Author Topic: USAF seeks space debris defense  (Read 23052 times)

Offline high road

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Re: USAF seeks space debris defense
« Reply #60 on: 08/23/2016 05:54 PM »

Exactly. They have a vested interest in estimating and controlling the risk.


Wrong.  It is cheaper to pay out once in a while vs cleaning up

Insurance 1.0.1: that's what controlling the risk is. But they want to avoid systematic risk that would suddenly have the damage claims explode. a runaway debris effect and a solar flare are the most likely things to do so. Other than that, it would be wasteful to try to save every single sat, despite how counterintuitive that seems

Offline mikelepage

Re: USAF seeks space debris defense
« Reply #61 on: 08/24/2016 02:50 PM »

If sufficient 'bounty' was placed on every de-orbited chunk of junk -- using space junk creating and/or space using nations' cash


Again, who is going to pay for it?  NASA, USAF or ESA isn't.  nor is Russian or China.

Insurers/underwriters of satellites? 

Most of the debris is not from commercial spacecraft.  So no insurers/underwriters

So you're saying that insurers don't insure against being hit by someone else's space debris?

Offline Star One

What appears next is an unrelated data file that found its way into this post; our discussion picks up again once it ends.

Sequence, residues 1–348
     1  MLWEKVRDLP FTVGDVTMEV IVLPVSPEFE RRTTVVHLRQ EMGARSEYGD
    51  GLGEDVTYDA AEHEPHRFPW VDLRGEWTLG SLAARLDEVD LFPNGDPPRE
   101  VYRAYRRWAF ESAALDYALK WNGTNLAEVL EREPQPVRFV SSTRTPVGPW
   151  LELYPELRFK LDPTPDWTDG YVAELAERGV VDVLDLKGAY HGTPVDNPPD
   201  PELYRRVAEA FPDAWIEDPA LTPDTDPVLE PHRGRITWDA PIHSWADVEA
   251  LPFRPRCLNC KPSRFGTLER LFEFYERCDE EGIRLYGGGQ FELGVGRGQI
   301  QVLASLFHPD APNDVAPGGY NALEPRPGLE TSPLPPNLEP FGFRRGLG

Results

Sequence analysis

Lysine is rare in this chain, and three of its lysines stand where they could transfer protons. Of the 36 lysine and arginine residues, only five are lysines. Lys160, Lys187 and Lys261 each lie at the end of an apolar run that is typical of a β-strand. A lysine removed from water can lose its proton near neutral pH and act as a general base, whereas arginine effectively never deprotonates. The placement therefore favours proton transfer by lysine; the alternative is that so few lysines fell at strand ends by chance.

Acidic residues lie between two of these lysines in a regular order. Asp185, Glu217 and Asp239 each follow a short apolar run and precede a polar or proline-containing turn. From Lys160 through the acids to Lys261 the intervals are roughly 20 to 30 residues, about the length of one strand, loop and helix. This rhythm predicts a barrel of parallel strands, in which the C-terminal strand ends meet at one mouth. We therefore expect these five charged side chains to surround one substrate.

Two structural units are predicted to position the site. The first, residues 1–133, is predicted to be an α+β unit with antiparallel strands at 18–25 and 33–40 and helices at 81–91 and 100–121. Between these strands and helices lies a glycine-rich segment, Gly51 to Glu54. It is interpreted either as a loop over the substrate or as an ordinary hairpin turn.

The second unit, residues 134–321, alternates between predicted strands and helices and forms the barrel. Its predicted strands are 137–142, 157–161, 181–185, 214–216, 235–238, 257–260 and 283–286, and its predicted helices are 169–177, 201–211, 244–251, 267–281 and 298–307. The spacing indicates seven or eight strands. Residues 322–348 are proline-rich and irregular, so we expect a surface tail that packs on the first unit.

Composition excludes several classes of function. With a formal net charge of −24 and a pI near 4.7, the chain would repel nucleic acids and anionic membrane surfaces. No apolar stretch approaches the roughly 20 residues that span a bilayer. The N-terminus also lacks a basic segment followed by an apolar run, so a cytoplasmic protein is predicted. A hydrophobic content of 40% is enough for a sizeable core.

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Re: USAF seeks space debris defense
« Reply #62 on: 09/23/2016 05:46 PM »
More satellite collision warnings to come with Space Fence data

Quote
MAUI, Hawaii Ė A senior Pentagon official said the U.S. Air Force will need to rethink how it issues satellite collision warnings when a new space object tracking system goes online or risk overwhelming satellite operators and hardware systems with overly cautious alerts.

In 2018, the Air Forceís next-generation space object tracking system, known as the Space Fence, will go online and detect satellites and space debris 5 centimeters and larger. Defense Department officials said they are optimistic that on the best days, the $900 million Space Fence, built by Lockheed Martin on Kwajalein Atoll in the Marshall Islands, may be able to track objects as small as 1 centimeter. Thatís a marked improvement over the Defense Departmentís current network of radars and sensors, which tracks objects 10 centimeters and larger.

But that additional precision means the Air Force will have tracking data for 200,000 objects, up from the approximately 20,000 objects it tracks today.

http://spacenews.com/more-satellite-collision-warnings-to-come-with-space-fence-data/

Offline kevin-rf

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Re: USAF seeks space debris defense
« Reply #63 on: 02/27/2017 02:58 PM »
Interesting, looks like Space Fence has a commercial competitor willing to fill in the gap for less cost.

Paywall, but article is free if you register.
http://aviationweek.com/space/airbus-invests-orbital-debris-tracking-startup-leolabs

So 150x50 foot (45m x 15m) phased array, aiming for multiple locations capable of seeing and tracking objects down to 4"

« Last Edit: 02/27/2017 03:58 PM by kevin-rf »
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Offline kevin-rf

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Re: USAF seeks space debris defense
« Reply #64 on: 02/27/2017 03:03 PM »
LeoLabs website: http://www.leolabs.space/
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